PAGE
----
top of page

Wheels-Up Landings – Limit the Risk

We’ve all heard the old saying, “there are two kinds of pilots, the ones that have done a wheels-up and those that are still going to”. I however have met many pilots that reached a ripe old age and finally hung up their headsets without joining this embarrassing club. I personally have never had a wheels-up mainly due to the type of aircraft I once upon a time flew, they were all the “gear down and welded variety” so this was never an issue, although I have experienced some interesting approaches and landings that would have almost certainly ended in the dreaded wheels-up if the option was available.

Distractions on approach is normally the culprit, whether it be other aircraft in the circuit, unexpected changes to normal procedure due to sudden weather condition changes, a in cockpit technical issue or anything else out of the ordinary.

I recall an incident I witnessed a few years ago where a pilot decided to go for a short flight before taking his wife shopping. He got airborne from his local airfield and immediately heard that there was increased traffic in the area, he inquired as to what was happening and was promptly told there was a Fly-in and Airshow at a field about 50nm away. He decided to make his way there for a short visit, which unfortunately ended up being a long embarrassing one.

Once he joined overhead, he started thinking what his wife was going to say about his impromptu landing as she was waiting for him to do his husbandly duty and take her shopping. On final approach he was pretty engrossed with devising a fool proof excuse as to why he was late, so much so that he completely forgot to throw the Dunlop’s at the ground.

When he finally fully extended the flaps and came back on the power the gear warning sounded, it was too late and he put her down on her belly on the centreline. He sheepishly emerged from the cockpit and after removing the relatively undamaged aircraft from the runway, with a bit of spectator help and expected banter, was forced to make the dreaded phone call to his irate wife.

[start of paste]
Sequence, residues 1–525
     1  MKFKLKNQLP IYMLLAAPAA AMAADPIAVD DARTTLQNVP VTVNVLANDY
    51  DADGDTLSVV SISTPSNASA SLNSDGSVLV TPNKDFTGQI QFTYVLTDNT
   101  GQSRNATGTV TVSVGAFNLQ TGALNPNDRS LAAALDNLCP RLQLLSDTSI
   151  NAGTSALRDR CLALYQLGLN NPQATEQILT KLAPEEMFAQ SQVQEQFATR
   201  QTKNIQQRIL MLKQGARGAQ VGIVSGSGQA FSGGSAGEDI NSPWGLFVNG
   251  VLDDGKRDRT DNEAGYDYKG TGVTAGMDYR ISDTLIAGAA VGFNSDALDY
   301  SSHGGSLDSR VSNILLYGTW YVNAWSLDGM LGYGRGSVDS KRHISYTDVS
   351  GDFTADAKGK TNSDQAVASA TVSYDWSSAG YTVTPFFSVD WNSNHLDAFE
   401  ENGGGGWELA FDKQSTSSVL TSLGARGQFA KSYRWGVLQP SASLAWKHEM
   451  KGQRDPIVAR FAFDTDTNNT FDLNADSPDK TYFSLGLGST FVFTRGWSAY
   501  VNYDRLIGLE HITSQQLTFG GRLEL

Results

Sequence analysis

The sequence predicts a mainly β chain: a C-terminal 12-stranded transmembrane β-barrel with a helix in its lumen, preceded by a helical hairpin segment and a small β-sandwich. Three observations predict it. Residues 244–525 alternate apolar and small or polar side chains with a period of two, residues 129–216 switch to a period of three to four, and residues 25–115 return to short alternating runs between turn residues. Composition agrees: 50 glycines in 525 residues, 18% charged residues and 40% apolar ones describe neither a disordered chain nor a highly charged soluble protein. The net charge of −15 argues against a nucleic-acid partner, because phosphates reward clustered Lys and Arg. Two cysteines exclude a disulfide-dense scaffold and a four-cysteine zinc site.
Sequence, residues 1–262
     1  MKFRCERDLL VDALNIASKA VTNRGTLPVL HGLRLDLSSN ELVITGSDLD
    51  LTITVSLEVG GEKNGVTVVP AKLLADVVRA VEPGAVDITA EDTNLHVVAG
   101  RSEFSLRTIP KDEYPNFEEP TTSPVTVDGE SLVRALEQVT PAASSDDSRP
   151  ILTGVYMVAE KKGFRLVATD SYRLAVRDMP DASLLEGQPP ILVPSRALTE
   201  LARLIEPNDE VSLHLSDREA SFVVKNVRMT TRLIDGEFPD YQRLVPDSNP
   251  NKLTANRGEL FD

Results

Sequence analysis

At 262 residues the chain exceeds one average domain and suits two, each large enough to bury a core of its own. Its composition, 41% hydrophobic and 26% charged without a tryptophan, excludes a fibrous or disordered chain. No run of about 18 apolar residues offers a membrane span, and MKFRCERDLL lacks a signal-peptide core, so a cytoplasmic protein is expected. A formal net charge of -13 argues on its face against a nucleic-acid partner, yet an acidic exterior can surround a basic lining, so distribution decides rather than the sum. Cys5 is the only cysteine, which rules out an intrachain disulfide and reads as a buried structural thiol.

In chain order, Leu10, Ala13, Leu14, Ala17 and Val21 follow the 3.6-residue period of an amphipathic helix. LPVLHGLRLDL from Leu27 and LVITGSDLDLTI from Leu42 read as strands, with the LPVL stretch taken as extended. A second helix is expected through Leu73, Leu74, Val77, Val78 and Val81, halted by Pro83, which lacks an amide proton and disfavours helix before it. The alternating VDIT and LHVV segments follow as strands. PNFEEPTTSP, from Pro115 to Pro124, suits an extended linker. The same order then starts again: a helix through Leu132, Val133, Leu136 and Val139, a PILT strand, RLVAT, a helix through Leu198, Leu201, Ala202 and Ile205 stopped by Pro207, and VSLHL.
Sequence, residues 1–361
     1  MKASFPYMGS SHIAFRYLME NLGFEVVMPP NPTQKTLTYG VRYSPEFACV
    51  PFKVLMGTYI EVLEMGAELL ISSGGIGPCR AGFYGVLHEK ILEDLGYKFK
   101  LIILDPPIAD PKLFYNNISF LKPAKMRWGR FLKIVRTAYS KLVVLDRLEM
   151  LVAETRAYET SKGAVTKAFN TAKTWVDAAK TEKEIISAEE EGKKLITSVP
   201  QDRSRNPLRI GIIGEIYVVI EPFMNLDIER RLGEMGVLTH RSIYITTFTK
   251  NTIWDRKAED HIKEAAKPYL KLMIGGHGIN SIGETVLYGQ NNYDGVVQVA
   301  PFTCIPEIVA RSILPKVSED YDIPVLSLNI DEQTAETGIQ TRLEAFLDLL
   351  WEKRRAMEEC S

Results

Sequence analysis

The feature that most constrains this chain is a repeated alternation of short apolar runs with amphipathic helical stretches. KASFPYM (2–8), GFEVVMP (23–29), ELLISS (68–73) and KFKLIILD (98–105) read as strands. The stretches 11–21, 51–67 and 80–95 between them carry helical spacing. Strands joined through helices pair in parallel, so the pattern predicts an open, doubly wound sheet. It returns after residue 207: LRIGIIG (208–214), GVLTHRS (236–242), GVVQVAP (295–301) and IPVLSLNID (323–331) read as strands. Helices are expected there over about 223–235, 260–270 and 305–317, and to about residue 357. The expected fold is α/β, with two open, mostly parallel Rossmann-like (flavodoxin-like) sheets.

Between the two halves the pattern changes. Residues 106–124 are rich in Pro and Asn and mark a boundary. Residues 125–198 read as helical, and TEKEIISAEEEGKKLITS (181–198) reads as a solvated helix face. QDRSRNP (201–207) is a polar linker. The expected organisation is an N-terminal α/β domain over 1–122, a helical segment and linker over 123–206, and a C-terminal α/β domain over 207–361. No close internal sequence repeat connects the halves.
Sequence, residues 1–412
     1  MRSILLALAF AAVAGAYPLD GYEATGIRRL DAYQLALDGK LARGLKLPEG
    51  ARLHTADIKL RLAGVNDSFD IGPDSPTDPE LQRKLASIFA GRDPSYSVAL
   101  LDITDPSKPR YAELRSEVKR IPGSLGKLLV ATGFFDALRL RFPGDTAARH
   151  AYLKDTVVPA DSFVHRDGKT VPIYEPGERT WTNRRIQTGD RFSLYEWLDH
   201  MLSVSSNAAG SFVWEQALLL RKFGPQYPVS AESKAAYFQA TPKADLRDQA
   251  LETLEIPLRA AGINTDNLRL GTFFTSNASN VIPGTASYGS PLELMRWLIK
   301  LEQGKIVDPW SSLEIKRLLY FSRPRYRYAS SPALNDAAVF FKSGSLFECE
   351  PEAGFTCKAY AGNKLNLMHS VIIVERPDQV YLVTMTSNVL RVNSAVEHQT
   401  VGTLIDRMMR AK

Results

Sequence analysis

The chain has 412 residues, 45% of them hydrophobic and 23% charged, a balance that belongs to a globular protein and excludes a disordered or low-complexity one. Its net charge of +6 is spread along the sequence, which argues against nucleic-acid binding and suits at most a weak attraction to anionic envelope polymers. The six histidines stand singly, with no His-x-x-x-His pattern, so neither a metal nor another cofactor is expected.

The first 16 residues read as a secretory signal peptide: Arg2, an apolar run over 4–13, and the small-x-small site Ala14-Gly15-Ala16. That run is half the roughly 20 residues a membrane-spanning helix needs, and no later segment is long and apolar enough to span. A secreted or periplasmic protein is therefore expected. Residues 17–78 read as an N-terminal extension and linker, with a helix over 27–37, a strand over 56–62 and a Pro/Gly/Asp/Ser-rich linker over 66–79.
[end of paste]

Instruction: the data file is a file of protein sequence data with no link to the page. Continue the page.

A recent study in the USA concluded that 54% of all wheels up landings are due to simply forgetting to lower the gear, approximately 30% are due to technical hang-ups where the gear just wouldn’t extend. And the remaining 16% was due to gear collapses on landing sometimes due to a bad landing and a lack of proper maintenance on the gear.

Distractions can’t be avoided in the airport environment but there is one thing, if it’s done every time, that will keep you from making a wheels-up landing.

Double-check gear position on final approach!

Preferably out aloud something like “Final Landing Check Gear Down?” and actually touch the gear handle physically in the process. If this becomes habit you might just prolong your inauguration into the Wheels-up Club indefinitely. A good idea is to devise a trigger to remind yourself to check passing through 500ft or reaching a certain speed are but some of the reminders that may help. If you are landing at a military installation it is immediately noticed that after getting landing clearance from the ATC they ask you to confirm “gear down and locked?”, although this wont help you at an unmanned field I feel it should become part of the ATC procedure at all manned civilian airfields, it would definitely reduce the wheels-up incidents.

In the case of a gear malfunction, totally unavoidable by the pilot, it is advisable to keep the engine or engines running as long as possible. Adding the extra stress of a dead stick landing to the already stressful situation is never a good idea. Saving the engines and props sounds great but at the expense of making the landing more dangerous than it already is just to save the insurance company a bit of money may not be worth it. if the mixture is pulled as the aircraft touches the ground it should be sufficient to save the engines.

Gear collapse due to whatever reason is a very unexpected event, and the pilot pretty much becomes nothing more than a passenger as soon as the gear lets go. Making sure that you have enough runway on every landing may just make things a bit safer if the gear or even the breaks fail on landing. it will usually only be one of the three legs that gives way in a gear collapse.

Be safe out there.


bottom of page